gigisiguenza

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TEG I agree. The whole concept has changed greatly with the advent of DIY blogs, YouTube, and Pinterest.
 

DeeAnna

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If you look at the definition of artisan, you will see something like this:

a person skilled in an applied art; a craftsperson.
a person or company that makes a high-quality or distinctive product in small quantities, usually by hand or using traditional methods.

If you stick with dictionary definitions, then any experienced soapmaker, regardless of the decorative techniques she/he uses, is an artisan. I think the key words are skilled, traditional, and handmade.

I know a married couple in our local area who produce beautifully made pots, cups, bowls, etc. in their wood-fired pottery. There can be a lot of similarity from piece to piece -- you can go to the potters, for example, and get a set of mugs or a table setting of dinnerware all in the same pattern. But the skill and care used to make the pieces is obvious -- the glazing is nicely done, the walls of the items are thin and consistent, and the appearance is clearly hand crafted.

How can they be artisans ... and I do think of them as artisans ... whereas a soap maker is not considered an artisan even if she has equivalent skills, reasonable experience, and commitment to tradition? Is it because the soap is ephemeral and utilitarian and a pottery piece is durable and often purely decorative?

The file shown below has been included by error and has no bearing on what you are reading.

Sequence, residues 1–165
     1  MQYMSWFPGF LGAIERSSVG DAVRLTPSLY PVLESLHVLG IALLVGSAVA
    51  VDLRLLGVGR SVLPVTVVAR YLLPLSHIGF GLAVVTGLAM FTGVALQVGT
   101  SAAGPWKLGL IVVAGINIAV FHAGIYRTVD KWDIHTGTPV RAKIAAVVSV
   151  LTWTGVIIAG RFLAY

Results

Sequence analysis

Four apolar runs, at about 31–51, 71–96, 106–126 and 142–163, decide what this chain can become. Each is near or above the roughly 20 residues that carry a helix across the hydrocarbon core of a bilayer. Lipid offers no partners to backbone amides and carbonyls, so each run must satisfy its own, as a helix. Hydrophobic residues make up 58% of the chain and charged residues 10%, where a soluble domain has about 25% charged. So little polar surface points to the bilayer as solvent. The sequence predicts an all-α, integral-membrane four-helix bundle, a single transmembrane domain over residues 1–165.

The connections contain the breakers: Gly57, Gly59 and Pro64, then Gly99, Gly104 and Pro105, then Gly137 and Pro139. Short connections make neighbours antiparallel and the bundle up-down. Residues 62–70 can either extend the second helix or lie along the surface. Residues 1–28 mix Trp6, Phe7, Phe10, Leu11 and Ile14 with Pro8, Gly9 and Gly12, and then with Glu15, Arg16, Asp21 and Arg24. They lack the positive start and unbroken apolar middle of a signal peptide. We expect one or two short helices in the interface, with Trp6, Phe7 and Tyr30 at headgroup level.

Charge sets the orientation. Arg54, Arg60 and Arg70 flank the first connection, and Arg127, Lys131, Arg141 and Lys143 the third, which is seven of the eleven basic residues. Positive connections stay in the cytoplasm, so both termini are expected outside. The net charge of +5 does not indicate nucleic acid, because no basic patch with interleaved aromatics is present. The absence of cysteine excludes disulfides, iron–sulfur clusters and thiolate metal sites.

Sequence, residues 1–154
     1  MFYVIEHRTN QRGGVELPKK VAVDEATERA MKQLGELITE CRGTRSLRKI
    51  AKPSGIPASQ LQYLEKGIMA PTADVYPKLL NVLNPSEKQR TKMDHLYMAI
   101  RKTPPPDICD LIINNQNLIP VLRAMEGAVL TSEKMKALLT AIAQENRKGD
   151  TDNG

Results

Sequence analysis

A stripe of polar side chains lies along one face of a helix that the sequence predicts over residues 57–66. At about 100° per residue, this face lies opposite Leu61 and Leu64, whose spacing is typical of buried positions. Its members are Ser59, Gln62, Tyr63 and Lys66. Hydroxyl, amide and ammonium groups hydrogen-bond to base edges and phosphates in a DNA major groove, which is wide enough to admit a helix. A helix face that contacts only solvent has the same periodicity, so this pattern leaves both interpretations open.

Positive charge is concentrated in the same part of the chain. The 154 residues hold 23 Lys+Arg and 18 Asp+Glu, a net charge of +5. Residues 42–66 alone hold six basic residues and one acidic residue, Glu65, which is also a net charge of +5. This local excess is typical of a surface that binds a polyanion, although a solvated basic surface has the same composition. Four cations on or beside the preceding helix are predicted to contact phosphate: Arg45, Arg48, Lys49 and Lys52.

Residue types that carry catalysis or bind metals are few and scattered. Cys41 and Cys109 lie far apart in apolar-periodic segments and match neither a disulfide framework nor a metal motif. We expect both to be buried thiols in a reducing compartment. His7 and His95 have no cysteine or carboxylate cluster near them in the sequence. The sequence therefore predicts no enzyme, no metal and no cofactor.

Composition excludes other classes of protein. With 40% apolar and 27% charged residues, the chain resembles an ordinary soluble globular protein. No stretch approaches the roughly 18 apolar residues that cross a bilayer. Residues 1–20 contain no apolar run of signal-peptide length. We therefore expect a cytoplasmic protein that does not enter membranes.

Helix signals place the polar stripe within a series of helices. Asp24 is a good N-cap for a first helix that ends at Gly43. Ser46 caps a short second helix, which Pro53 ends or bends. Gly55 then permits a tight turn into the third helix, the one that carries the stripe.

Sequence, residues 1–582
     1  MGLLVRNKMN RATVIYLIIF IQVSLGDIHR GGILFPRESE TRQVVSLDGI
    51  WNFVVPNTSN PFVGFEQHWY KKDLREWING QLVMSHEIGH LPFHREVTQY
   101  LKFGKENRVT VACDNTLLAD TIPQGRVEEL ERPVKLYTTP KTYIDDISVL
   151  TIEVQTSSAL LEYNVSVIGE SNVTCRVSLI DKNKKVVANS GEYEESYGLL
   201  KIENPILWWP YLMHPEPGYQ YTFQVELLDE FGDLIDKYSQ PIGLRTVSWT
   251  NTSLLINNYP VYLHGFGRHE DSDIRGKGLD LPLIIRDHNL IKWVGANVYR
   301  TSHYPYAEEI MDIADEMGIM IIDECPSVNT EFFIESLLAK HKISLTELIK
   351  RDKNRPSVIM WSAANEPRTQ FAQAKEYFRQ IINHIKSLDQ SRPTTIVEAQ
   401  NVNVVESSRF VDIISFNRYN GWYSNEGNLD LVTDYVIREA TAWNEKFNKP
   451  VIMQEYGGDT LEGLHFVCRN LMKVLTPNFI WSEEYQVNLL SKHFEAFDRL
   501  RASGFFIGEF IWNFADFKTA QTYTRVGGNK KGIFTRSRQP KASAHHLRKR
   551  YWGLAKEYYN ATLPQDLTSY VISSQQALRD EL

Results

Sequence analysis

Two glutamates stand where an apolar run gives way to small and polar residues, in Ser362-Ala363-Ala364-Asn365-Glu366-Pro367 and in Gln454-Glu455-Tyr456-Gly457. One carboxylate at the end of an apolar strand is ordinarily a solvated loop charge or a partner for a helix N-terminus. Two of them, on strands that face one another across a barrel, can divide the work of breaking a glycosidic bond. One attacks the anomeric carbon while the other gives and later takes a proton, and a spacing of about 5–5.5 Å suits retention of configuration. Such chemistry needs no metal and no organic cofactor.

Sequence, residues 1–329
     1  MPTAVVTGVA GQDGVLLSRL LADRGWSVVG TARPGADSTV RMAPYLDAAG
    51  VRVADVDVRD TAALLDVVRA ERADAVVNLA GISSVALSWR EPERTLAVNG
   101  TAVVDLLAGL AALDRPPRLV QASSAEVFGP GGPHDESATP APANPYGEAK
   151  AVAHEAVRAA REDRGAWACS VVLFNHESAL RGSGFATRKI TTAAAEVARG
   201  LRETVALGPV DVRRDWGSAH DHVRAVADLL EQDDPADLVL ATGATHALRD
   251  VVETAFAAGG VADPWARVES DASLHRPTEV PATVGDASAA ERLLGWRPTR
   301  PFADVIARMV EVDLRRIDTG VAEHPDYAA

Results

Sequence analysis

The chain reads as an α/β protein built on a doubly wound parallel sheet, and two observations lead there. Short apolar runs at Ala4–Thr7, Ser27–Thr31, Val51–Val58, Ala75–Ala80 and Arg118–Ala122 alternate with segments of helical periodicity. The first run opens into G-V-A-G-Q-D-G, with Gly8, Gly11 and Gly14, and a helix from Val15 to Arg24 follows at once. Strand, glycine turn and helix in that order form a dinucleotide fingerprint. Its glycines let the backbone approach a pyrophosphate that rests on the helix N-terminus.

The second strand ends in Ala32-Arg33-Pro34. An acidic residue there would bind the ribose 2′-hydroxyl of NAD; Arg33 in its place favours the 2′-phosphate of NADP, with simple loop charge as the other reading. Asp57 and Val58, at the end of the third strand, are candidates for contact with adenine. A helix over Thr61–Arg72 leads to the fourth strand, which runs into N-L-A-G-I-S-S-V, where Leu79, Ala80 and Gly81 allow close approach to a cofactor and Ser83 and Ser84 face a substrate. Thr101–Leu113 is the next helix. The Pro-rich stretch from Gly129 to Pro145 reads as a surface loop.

My point of view is a bit different, I suppose. As a skilled and experienced leather worker, I have resigned myself to being perceived as a simple craftsman, not an artisan. It makes no matter how traditional my techniques and tools are, how skilled I am, or how artsy-fartsy my pieces can be. I suppose it's because leather working is considered to be mainly a functional, utilitarian craft, not an artistic one. To exaggerate a bit, the potter who makes a pretty vase or mug is a much-admired artisan; the leather worker making similar pieces is just a hack craftsman. The potters get invited to juried art shows and the leather workers and soap makers get dismissed to the craft fairs. <...sigh...>